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Airborne Search for Molecular Clues to Extraterrestrial Life

NASA’s Stratospheric Observatory for Infrared Astronomy – SOFIA. Credit: NASA /Carla Thomas

Scientists are taking to the air to look for life elsewhere.

Astrobiologists will be surveying newly born stars for the presence of precursors to life – research that is anchored in use of NASA’s Stratospheric Observatory for Infrared Astronomy (SOFIA), the largest airborne observatory in the world.

Aboard SOFIA, the scientists will search for molecules such as methane, ammonia, formaldehyde, methanol, and formic acid – early precursors of amino acids.

The new work is based on ground investigations that searched for indications of methanol, a key ingredient in the synthesis of organic molecules that could lead to life. The payoff was that a handful of newly formed stars were identified that are surrounded by clouds with a high concentration of methanol (about 30 percent).

Only SOFIA has the capability to gather the more specific data the researchers currently seek.

The scientists, led by Douglas Whittet, director of the New York Center for Astrobiology at Rensselaer Polytechnic Institute (RPI) in Troy, New York, will use the observatory’s infrared absorption spectroscopy capabilities to search for a suite of molecules in clouds of dust surrounding five young stars.

Unimpeded view

A partnership of NASA and the German Aerospace Center, SOFIA consists of an extensively modified Boeing 747SP aircraft carrying a reflecting telescope with an effective diameter of 2.5 meters (100 inches). The airborne observatory, based at NASA’s Dryden Aircraft Operations Facility in California.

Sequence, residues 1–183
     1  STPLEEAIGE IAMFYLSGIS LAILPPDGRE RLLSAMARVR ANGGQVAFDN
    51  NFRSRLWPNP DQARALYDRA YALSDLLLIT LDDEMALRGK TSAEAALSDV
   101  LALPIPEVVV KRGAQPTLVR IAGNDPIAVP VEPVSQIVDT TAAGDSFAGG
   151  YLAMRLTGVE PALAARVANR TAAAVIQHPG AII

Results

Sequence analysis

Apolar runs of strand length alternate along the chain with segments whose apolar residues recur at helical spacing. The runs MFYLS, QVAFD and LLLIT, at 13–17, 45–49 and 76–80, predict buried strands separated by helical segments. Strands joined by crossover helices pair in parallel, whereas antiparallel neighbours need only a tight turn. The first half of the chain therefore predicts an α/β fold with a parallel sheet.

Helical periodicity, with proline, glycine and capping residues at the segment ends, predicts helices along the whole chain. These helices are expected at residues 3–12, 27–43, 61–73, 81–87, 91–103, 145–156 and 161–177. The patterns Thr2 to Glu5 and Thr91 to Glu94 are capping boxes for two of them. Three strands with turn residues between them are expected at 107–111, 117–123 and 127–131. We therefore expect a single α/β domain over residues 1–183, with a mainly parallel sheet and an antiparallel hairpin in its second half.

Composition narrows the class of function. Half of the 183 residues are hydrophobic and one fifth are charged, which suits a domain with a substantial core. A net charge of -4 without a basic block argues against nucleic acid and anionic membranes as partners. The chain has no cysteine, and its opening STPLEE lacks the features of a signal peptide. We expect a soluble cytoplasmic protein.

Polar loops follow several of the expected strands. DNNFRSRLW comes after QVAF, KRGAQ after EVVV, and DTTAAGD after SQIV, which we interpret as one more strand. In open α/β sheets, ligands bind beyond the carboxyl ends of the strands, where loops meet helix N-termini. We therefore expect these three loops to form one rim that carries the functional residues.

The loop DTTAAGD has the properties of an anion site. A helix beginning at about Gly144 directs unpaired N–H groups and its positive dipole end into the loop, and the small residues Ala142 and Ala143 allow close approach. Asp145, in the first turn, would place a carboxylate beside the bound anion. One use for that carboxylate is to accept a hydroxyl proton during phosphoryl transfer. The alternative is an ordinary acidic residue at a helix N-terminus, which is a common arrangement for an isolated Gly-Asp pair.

Why fly high over the Earth to look at stars so far away?

“We’re trying to look at a part of the spectrum that doesn’t get through the atmosphere very well,” Whittet said in an RPI statement.

“Earth’s atmosphere, which contains a lot of moisture, absorbs most of the infrared radiation we want to detect. But SOFIA cruises at an altitude of about 40,000 feet, which is above almost all of the moisture, and allows us an unimpeded view of the stars,” Whittet explains.

The scientists were awarded 6.5 hours aboard SOFIA, time which may be used in one or several flights over the Pacific Ocean. Whittet said that following the series of nighttime flights the scientists will likely publish findings from their research within a year after collecting the data.

By Leonard David


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